Misconceptions about Online Learning – Part One
Want to learn online, but hesitant about some things you’ve heard through the grape vine? We’ve addressed some of the most popular misconceptions that online learning has acquired throughout its lifetime.
5 Misconceptions of Online Learning – A Series
Want to learn online, but hesitant about some things you’ve heard through the grapevine? We’ve addressed some of the most popular misconceptions that online learning has acquired throughout its lifetime.
Number 1: It’s online, so it’s easy
On the contrary, learning online can be a difficult task. It’s on you to make deadlines, read supplemental material and watch lectures. Courses online are just as demanding as in-person classes. You learn the same amount of content from an in-person class, often times in more interesting ways. Learning online can be a beneficial and rewarding experience, especially for individuals with a hefty schedule, but it also requires a higher level of responsibility.
Number 2: Technology is too confusing
Online courses are designed to be user-friendly. If you don’t consider yourself a tech-savvy individual, don’t worry. Many of the programs utilized for online courses have tutorials that guide you step-by-step through a particular process or activity. In addition, DESC (Distance Education Service Center) is available for any questions you may have regarding the coursework. They can provide the help you need, or put you in touch with someone who can. Contact DESC at firstname.lastname@example.org to learn more.
Number 3: It’s too expensive!
There’s a reason UF lives by the mantra: “Earn a greater degree, for less.” In terms of your education, learning online is often the least expensive option for several reasons. For one, you’re online, so you don’t need to pack up your things and move to Florida to pay for a new apartment in a college town. There are no commuting costs, and often times associated costs such as course materials, like a textbook, are less expensive or, even better, free online. For a visual representation of the money you save when learning online, check out UF Online's breakdown of Tuition vs. Residential Tuition for Florida Residents and Non-Florida Residents. Other online academic programs, such as master's degrees and Ph.D. programs, often offer similar savings. Students can also save money by choosing online options for their non-credit and continuing education courses.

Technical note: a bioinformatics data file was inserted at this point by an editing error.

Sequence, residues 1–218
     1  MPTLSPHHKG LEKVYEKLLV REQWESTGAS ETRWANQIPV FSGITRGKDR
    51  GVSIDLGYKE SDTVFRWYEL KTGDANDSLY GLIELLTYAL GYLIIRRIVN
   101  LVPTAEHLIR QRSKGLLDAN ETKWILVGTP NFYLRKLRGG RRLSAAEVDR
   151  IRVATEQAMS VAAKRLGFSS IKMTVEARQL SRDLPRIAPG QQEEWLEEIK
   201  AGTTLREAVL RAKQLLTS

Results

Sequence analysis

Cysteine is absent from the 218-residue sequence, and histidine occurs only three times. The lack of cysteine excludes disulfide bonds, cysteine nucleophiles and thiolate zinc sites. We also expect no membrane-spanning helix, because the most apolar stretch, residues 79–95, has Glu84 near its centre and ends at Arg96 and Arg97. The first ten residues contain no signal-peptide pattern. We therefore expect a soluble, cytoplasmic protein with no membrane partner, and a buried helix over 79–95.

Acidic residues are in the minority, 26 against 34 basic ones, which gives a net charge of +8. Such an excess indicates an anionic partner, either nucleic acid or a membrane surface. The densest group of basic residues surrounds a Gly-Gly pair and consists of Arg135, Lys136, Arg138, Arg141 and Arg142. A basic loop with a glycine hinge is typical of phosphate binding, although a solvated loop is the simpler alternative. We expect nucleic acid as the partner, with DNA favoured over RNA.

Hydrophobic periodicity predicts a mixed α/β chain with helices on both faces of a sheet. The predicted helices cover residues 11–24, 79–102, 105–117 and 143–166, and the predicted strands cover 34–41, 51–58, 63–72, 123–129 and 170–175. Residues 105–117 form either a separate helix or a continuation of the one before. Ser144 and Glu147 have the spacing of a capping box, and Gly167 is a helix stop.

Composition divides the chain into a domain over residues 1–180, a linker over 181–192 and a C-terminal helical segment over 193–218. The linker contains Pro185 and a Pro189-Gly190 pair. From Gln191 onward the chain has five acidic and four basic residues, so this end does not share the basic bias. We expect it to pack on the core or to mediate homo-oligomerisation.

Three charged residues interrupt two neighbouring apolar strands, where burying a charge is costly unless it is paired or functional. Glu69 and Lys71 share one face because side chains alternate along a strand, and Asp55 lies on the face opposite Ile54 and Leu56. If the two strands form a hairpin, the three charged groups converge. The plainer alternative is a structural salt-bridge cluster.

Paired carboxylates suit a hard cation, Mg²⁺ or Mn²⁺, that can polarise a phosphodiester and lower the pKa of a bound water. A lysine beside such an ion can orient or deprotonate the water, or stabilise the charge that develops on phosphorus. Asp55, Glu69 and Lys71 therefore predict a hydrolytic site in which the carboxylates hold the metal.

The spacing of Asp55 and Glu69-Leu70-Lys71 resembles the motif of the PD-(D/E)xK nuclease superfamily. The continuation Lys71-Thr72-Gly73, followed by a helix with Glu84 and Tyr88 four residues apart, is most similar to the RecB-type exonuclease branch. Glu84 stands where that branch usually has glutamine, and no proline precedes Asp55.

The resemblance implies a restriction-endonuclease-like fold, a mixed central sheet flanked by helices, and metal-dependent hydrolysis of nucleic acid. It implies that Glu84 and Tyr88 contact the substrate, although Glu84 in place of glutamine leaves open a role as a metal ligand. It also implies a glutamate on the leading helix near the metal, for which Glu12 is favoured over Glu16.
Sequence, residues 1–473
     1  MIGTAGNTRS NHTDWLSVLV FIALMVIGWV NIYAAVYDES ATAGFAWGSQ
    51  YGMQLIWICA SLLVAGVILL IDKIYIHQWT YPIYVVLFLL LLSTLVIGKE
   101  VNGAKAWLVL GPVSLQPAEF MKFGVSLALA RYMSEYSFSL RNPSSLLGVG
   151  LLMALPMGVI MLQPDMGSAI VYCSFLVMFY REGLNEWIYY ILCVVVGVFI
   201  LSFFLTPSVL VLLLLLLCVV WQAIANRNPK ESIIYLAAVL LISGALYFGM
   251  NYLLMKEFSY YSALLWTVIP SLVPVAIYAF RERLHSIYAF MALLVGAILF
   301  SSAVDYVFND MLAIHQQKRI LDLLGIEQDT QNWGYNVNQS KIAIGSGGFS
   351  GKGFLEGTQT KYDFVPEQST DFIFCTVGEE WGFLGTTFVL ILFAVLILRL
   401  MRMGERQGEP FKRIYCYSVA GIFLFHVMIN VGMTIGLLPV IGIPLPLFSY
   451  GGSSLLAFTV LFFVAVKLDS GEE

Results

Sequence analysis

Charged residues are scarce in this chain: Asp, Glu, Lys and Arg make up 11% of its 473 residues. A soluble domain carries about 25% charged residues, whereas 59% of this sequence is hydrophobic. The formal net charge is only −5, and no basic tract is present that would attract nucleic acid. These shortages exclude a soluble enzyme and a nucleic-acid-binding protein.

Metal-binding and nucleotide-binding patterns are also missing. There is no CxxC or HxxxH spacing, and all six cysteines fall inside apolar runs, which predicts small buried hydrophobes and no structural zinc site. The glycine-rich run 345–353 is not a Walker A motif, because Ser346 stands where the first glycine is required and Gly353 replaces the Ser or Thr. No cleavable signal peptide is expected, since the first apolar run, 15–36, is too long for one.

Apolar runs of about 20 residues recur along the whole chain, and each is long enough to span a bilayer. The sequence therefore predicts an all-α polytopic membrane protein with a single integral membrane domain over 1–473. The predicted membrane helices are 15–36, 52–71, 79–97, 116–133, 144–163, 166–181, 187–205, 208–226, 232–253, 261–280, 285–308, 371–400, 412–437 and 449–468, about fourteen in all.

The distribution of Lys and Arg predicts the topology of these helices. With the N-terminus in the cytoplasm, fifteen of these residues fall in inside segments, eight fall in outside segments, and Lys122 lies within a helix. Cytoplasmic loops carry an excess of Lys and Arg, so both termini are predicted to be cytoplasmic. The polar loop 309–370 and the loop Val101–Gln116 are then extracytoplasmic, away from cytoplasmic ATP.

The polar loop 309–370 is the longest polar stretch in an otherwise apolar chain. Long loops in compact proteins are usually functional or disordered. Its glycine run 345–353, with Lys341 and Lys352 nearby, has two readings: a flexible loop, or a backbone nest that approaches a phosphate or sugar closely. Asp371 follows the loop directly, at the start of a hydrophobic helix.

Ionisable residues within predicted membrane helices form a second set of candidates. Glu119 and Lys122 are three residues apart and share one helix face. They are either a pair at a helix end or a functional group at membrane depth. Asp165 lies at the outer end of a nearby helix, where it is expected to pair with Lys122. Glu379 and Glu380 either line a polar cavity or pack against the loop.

In addition to cheaper costs, UF offers an abundance of financial aid opportunities for the online learner. Online students at UF are eligible for consideration for a wide range of federal, state and institutional aid as administered by the Office for Student Financial Affairs (SFA), which also administers a limited number of privately funded scholarships. You can find more information regarding financial aid opportunities on the Student Financial Affairs website.
Number 4: You’re in it alone
There’s a plethora of support opportunities offered by DESC and your online professors. Often times, professors are in constant contact with their students. Sending weekly emails and updates, and they encourage students to reach out if they have any questions regarding the coursework. DESC is also here for any support you might need, or any questions you might have. Once admitted, our coordinators continue supporting students through the lifecycle of their program. For programs that run on an academic calendar year, our coordinators connect with students to assist with their course registration or to simply check continue building a relationship and gauge their satisfaction level.
Number 5: It’s easy to cheat
Online courses utilize a variety of tools that prevent students from cheating when it comes to tests and examinations of their knowledge. ProctorU and LockDown browsers are just a few examples of resources that online programs use in order for students to perform honorably, and without any help. In addition, UF holds students to high standards of academic integrity. UF does not tolerate plagiarism and academic dishonesty, and will take severe action against any student who violates university academic regulations. Remember, you're here to learn - so don't cheat yourself out of your own education.